Repentance, Prayer and Charity

The Talmud writes that when King Ptolemy of Egypt commanded the Jewish sages to translate the Torah into Greek, it was like “a lion had been imprisoned in a cage.” Why was it considered such a sad day in Jewish history? Shouldn’t we have been happy that the Torah would now become accessible to all the masses, both to sages and simpletons alike?


The reasons given for the great sadness of the Jewish sages were due to the complexity of the Hebrew language, in which no translation, no matter how detailed, can accurately convey the intricacies of each Hebrew word and adequately translate its meaning. When dealing with the Hebrew language, certain notions and ideas can get “lost in translation” and be misconstrued, thus losing their core Jewish interpretation. As we draw nearer to Yom Kippur, the examples of such mistranslations come to mind concerning the three central themes of the day, Teshuvah (Repentance), Tefillah (Prayer) and Tzedakah (Charity). 


1- Teshuvah- ‘Repentance’

The Oxford English Dictionary defines repentance as, “one feeling or expressing sincere regret or remorse about one’s wrongdoing or sin.”


However, per Judaic interpretation, this “translation” is far from the central idea of Teshuvah. 


In Hebrew, the word Teshuva is derived from the word “Shuv”, which means “to return”, thus highlighting a stark mistranslation between the English interpretation of “repentance”. 


Repentance underlines the individual’s regret for his previous actions and their wish to begin a new path and way of life. 


However, the actual word Teshuvah emphasises that a person has never truly left their connection to G-d and abandoned their internal good. 


This explanation of the word Teshuva indicates that no matter how broken our relationship with G-d may seem, we are always able to return to Him. We have an everlasting connection with G-d, and thus through Teshuvah, we can strengthen and reaffirm our relationship and eternal covenant with Him. 


In the month of Tishrei, even the holiest and most righteous individuals are commanded to do Teshuvah. This is because even the most righteous amongst us can improve themselves and forge deeper relationships with G-d.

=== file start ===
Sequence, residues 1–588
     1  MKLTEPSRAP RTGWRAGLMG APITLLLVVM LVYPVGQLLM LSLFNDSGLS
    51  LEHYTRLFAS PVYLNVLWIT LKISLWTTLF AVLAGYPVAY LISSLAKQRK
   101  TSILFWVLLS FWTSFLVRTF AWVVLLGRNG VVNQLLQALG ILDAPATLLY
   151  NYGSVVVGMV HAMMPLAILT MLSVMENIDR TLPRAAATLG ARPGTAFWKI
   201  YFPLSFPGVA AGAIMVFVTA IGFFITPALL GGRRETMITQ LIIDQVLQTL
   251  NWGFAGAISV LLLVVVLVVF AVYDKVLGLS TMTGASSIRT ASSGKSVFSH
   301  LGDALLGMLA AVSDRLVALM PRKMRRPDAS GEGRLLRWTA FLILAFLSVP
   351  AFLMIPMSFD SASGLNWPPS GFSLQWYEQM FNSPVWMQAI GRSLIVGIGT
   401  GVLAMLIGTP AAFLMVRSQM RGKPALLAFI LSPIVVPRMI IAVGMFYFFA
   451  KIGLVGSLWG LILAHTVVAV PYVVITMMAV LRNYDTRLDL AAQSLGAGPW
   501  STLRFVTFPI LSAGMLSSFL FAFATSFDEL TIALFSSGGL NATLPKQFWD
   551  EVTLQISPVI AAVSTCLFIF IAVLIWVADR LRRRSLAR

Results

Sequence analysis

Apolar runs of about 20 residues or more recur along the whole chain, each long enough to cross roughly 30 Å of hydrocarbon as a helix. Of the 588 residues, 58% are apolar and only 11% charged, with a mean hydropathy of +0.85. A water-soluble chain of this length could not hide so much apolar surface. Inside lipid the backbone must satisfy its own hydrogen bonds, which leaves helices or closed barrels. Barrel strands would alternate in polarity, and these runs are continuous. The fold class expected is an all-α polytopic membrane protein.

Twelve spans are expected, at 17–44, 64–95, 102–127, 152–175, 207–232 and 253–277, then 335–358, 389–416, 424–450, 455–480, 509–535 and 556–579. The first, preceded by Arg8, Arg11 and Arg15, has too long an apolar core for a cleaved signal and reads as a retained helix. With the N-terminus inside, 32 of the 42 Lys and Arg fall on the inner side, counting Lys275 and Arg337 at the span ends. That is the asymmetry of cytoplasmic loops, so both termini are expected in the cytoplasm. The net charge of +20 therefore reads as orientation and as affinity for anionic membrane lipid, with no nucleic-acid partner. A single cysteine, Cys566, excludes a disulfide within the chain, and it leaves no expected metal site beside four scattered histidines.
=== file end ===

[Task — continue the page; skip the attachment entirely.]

2- Tefillah- Prayer

When one contemplates the idea of prayer in the general sense, they think of the act of requesting and petitioning G-d for something specific. In Judaism, this simplistic definition is not the true and sole significance of the act of Tefillah. 


Our Tefillah services in Synagogues and by ourselves contain personal and communal requests intermingled with petitions to G-d for our physical and spiritual wellbeing. However, that is not the sole reason to pray, as the fundamental reasons for Tefillah are to connect to G-d, a higher deity who looks after our every need. Our prayers reach the heavens, intermingling with the cosmic forces above, and thus causing our souls to become spiritually elevated to G-d who hears and answers our prayers.


Thus, we can view Tefillah not only as some sort of action to ask G-d for things we want, but rather as a type of meditation, an escape from the monotony and confines of our physical lives. We connect with G-d, humbling ourselves before him through our prayers. In this way, we remind ourselves that we are only on this earth for a short time, and we must, therefore, try to create a Tikkun Olam-repairing the world through acts of kindness, so that we can all live in peace, harmony, and prosperity. 

Prayer is not simply reading off a ‘shopping list’ of personal requests from G-d. Rather we attempt to cleave to Him, enhance our lives spiritually, and therefore simultaneously improve our physical lives.


3- Tzedakah- Charity

The idea of charity is synonymous with acts of goodness, kindness and compassion.

While the translation of Tzedakah elicits such associated ideas, the root of the word in Hebrew is ‘Tzedek’, which translates to justice and law. This leads to the emphasis for us to give Tzedakah, which thus spreads righteousness, honesty, and justice to all.  


The fundamental differences between the English word Charity and the Hebrew equivalent Tzedakah are that, the act of Tzedakah not only encourages us to be charitable because we are compassionate, but to give charity because it is the just thing to do per the concept of Tzedek. 


\Emotions can be fickle and changing, but justice and righteousness are everlasting.

Through Tzedakah we recognize that our wealth is a gift from G-d, and despite the predicaments or our current feelings, the less fortunate and needy have a shared part too in our prosperity.


May our Teshuvah, Tefillah and Tzedakah be heard this Yom Kippur, and let us all be inscribed in the Book of Life for a Happy and Sweet New Year.


About the Author
Rabbi Gabi is Australia's youngest community rabbi. He leads the Ark Centre a Orthodox Community Centre with a Shule in the middle. Through his openness and inclusive approach to Judaism, Rabbi Gabi has redefined the 21st Century synagogue within the context of Modern Orthodoxy with a greater focus on song and spirituality. Rabbi Gabi holds a Masters of Social Work and is Chairman of Melbourne Fight Back Against Parkinson's Inc, a not for profit charity that assists people with Parkinson's disease.
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